WILDLIFE ON KIAWAH ISLAND

LOGGERHEAD SEA TURTLES ON KIAWAH

Kiawah Island serves as vital nesting beach for loggerhead turtles. Nesting patrols and monitoring efforts are carried out by a group of dedicated volunteers supported by the Town of Kiawah Island.
General description
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Download Loggerhead brochure (pdf)

The loggerhead turtle (Caretta caretta) was listed as a threatened species in 1978 under the Endangered Species Act and the State Nongame Act. They are residents of the open ocean and make their way onto the Kiawah beaches during the nighttime hours to dig a nest and lay their eggs. In coastal waters, loggerheads eat primarily whelks, crabs, fish, sponges and jellyfish.

Nesting activity typically begins in mid-May and will continue into early August. Nests normally contain between 100 and 150 eggs. The eggs will hatch in approximately 2 months and the hatchlings will make their way down the beach and into the surf. Female loggerheads are quite wary when they come ashore to nest and can be easily frightened or disoriented by lights or loud noises. Please do not approach or disturb nesting turtles and abstain from shining lights at them. 

Nesting efforts are monitored on our beaches by a group of resident volunteers each year. The Turtle Program has been in existence since 1973 and the Town of Kiawah Island has provided funding and logistical support to the program since 1990. During the nesting season, volunteers patrol the entire beach by truck each morning to locate nests laid the previous night. An attempt is made to locate the actual nest and mark it with a numbered post. Nests which are located too low on the beach are moved landward in order to protect them from being washed over by high tides.  When nests begin to hatch, numerous groups of volunteers patrol sections of beach daily to check for emergence of hatchlings. At some point after hatching, each nest is excavated and an inventory is taken of the nest contents. Detailed records are kept of all activities and a report is prepared annually for the South Carolina Department of Natural Resources.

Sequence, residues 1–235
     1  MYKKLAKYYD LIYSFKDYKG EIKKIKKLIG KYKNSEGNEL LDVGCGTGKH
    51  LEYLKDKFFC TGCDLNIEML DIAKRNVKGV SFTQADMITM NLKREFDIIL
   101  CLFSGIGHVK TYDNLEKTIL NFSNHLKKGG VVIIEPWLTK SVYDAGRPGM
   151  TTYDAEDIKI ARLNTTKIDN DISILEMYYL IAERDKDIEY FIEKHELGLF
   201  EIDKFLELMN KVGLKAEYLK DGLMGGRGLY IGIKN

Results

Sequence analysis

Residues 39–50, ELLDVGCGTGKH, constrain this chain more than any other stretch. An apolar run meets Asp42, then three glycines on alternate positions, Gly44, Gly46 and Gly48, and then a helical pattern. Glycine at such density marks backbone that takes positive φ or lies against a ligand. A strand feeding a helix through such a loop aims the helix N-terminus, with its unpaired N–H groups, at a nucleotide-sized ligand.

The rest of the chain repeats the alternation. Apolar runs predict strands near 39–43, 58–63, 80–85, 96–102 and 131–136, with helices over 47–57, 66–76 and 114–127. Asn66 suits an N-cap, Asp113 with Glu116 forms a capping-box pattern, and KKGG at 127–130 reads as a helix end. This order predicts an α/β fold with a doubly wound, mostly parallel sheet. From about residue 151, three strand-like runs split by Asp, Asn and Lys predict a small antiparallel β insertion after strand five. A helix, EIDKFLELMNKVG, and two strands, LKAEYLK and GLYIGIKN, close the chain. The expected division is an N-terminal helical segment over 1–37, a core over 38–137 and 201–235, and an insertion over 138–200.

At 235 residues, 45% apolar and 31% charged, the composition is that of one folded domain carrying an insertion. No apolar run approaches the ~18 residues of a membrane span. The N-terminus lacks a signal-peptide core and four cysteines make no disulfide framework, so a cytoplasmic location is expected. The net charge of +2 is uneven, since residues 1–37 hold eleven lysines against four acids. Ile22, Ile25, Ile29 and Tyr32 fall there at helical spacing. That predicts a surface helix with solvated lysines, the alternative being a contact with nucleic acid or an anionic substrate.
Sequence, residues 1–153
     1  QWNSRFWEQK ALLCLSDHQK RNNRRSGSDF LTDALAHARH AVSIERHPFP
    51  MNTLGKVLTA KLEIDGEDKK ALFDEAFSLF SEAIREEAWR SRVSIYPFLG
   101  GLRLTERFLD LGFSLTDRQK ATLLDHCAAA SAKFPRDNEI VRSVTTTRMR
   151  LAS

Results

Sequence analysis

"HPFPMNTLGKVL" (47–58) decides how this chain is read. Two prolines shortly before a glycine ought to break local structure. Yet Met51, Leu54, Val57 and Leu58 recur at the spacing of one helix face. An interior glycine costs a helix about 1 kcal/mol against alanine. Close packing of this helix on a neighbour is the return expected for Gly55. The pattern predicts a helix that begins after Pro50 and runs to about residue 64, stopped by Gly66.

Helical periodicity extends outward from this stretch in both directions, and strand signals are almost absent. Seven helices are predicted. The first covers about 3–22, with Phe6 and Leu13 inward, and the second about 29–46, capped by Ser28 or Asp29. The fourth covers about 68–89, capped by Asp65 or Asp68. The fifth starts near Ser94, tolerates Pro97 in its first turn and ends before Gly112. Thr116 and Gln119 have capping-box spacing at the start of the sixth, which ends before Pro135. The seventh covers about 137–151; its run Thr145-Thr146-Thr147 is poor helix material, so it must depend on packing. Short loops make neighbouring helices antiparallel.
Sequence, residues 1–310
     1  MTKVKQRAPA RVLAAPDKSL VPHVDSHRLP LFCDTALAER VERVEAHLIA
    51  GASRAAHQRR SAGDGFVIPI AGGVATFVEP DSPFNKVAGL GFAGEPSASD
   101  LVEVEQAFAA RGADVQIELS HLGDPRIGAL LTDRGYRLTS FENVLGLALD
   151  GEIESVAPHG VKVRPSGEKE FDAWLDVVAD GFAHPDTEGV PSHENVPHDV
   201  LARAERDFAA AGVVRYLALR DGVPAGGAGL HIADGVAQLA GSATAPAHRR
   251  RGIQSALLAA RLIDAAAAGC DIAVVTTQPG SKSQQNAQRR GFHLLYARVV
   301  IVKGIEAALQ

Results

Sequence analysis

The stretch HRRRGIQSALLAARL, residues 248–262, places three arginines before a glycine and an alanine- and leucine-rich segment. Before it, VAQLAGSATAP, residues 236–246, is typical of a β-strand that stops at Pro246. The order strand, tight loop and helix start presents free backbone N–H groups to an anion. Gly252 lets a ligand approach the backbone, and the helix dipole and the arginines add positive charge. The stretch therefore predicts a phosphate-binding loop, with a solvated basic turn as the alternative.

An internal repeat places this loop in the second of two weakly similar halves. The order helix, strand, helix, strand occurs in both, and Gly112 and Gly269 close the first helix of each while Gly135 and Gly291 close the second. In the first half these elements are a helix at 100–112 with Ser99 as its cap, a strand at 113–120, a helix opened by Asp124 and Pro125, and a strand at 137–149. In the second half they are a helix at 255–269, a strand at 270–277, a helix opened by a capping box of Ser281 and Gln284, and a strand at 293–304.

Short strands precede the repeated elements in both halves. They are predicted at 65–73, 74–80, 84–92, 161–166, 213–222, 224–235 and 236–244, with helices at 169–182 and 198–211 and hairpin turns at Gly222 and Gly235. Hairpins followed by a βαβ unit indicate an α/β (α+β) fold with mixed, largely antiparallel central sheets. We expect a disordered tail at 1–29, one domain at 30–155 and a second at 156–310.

The loggerhead is one of only seven species of marine turtles still in existence today.  Adult loggerheads can be up to 3 feet in length and weigh as much as 350 pounds.  These turtles are believed to have a life span of 50-65 years.  The loggerheads’ name refers to the size of its head, which is larger in proportion to its body than other marine turtles.  The head and upper shell (carapace) are dark and reddish brown; the flippers and lower shell (plastron) are light yellow.  The outer layer of plates on the shell and head, called scutes, can be used to distinguish the various species of marine turtles
Number of nests annually on Kiawah Island
Nest monitoring on Kiawah
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SCDNR Marine Turtle Conservation Program Homepage
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View details on 2014 nesting activity from Seaturtle.org
2014 Sea Turtle Nest Count
105
News and Information
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 View 2012 Turtle Nest Location Map
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View 2011 Turtle Nest Location Map
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Town of Kiawah Island
21 Beachwalker Drive
Kiawah Island, SC 29455
(843) 768-9166
Email a Town Biologist
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 View 2013 Turtle Nest Location Map
Wildlife Sightings and Information
 
NEW 2014 Bobcat GPS Location Data
 
FAQ about Kiawah Wildlife 
 
Google Earth map of wildlife sightings by residents and visitors
 
Kiawah Island Bird Checklist (PDF)
 
"Wildlife As We See It" provided by the Kiawah Island Golf Resort
 
Report an interesting or unusual wildlife sighting to Town Biologists